One look at this Colorado, and you'd probably think it's just another off-road-ready concept strutting its stuff at this year's SEMA Show. But what you're actually looking at is a hydrogen-powered Chevy Colorado, designed for the United States Army to test the effectiveness of fuel-cell vehicles in battlefield scenarios. It's called the ZH2, and it's super cool.
As we reported previously, the Colorado ZH2 was created in less than a year; General Motors worked with the U.S. Army Tank Automotive Research, Development, and Engineering Center to create this big brute. It rides on a stretched version of the Colorado platform, and rolls on huge, 37-inch tires that should pretty much clear anything in its path out in the field.
“Over the next year, we expect to learn from the Army the limits of what a fuel cell propulsion system can do when really put to the test,” Charlie Freese, GM’s executive director of global fuel cell activities, said in a statement.
Since FCEV powertrains don’t make much noise, the Army thinks a so-equipped vehicle will be perfect for scouting in missions. Electric motors also provide instant torque, and lots of it, which should help this Colorado drive over just about anything. Even more interesting, the Exportable Power Take-Off system allows soldiers to remove the fuel cell from the vehicle, to have an electric power supply that’s mobile.
Following the ZH2’s internal testing by GM, this Colorado will be handed off to the U.S. Army for a year of field testing to determine its future purpose, if any. Check it out for yourself in the gallery below.
Photos: Nathan Leach-Proffer / Motor1.com
Gallery: Chevrolet Colorado ZH2 Hydrogen Pickup
MISSION-READY CHEVROLET COLORADO ZH2 FUEL CELL VEHICLE BREAKS COVER AT U.S. ARMY SHOW
Modified midsize pickup goes into extreme military field testing in 2017
WASHINGTON, D.C. — The physically imposing Chevrolet Colorado ZH2, the most extreme off-road-capable fuel-cell-powered electric vehicle ever from General Motors, was revealed today at the fall meeting of the Association of the United States Army (AUSA).
Standing more than 6½ feet tall and more than seven feet wide, the Colorado ZH2 was built on a stretched midsize pickup chassis. Reinforced inside and out, the ZH2 rides on 37-inch tires and a specially modified suspension that helps the vehicle climb over and descend all manner of terrain.
The U.S. Army will test the Colorado ZH2 in extreme field conditions next year to determine the viability of hydrogen-powered vehicles on military missions.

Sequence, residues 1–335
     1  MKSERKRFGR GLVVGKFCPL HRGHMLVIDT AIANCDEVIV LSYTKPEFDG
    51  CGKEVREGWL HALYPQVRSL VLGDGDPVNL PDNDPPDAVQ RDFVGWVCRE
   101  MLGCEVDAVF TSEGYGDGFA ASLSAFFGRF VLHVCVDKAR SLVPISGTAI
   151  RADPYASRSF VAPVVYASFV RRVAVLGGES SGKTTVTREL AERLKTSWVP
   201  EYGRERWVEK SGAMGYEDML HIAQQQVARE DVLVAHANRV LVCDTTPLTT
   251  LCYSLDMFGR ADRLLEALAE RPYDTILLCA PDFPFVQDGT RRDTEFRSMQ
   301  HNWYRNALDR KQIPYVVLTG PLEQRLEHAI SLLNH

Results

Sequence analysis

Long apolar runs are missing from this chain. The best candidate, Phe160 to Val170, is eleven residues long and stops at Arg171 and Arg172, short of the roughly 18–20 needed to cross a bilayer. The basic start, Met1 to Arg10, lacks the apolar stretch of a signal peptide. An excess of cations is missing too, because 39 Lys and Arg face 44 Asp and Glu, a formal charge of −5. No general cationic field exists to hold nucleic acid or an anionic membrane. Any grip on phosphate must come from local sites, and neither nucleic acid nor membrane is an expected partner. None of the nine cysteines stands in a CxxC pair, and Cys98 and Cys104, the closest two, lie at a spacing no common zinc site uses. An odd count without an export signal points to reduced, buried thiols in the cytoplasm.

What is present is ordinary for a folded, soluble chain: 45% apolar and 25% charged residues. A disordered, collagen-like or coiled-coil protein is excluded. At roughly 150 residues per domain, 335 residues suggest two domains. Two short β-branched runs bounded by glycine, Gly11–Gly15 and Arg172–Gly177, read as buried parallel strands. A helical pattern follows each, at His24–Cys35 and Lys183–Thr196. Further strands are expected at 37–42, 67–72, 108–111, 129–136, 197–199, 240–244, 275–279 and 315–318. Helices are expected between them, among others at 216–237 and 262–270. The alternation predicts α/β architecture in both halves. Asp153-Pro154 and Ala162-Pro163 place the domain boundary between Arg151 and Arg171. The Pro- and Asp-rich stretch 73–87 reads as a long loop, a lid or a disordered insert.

The Colorado ZH2 features an Exportable Power Take-Off unit (EPTO) that allows the fuel cell to power activity away from the vehicle, such as remote locations where electric power may otherwise be unavailable.
GM and the U.S. Army Tank Automotive Research, Development and Engineering Center (TARDEC) collaborated to develop the Colorado ZH2 from contract to concept in less than a year.
GM is leveraging a range of advanced technologies for multiple applications, including military.
“The speed with which innovative ideas can be demonstrated and assessed is why relationships with industry are so important to the Army,” said Paul Rogers, director of TARDEC. “Fuel cells have the potential to expand the capabilities of Army vehicles significantly through quiet operation, exportable power and solid torque performance, all advances that drove us to investigate this technology further.”
The Army will evaluate the ZH2 fuel cell for:
Near-silent operation enabling silent watch capability
Reduced acoustic and thermal signatures
High wheel torque at all speeds via electric drive
Low fuel consumption across operating range
Water by-product for field uses
GM and TARDEC have fuel cell development laboratories located 20 miles apart in southeast Michigan. Most of the Colorado ZH2 was assembled in GM’s Advanced Vehicle Integration facility in Warren. Calibration testing at GM’s Milford Proving Ground will continue into early 2017, when the vehicle will be turned over to the Army for a year of field testing.
“The Colorado ZH2 is a terrific example of GM’s engineering and design skill in creating an off-road vehicle relevant to a range of potential users,” said Charlie Freese, executive director of GM Global Fuel Cell Activities. “Over the next year, we expect to learn from the Army the limits of what a fuel cell propulsion system can do when really put to the test.”
The Colorado ZH2 contract is GM’s second vehicle development with a U.S military branch announced this year. In June, the U.S. Navy unveiled a GM fuel cell-powered Unmanned Undersea Vehicle (UUV) that is currently in pool testing before eventual deployment. The UUV leverages GM fuel cell technology common with the Colorado ZH2, demonstrating the flexibility to power a range of mobile and stationary devices.
GM has accumulated 3.1 million miles of hydrogen fuel cell testing via Project Driveway, a 119-vehicle fleet driven by more than 5,000 people in a multi-year fuel cell experience program.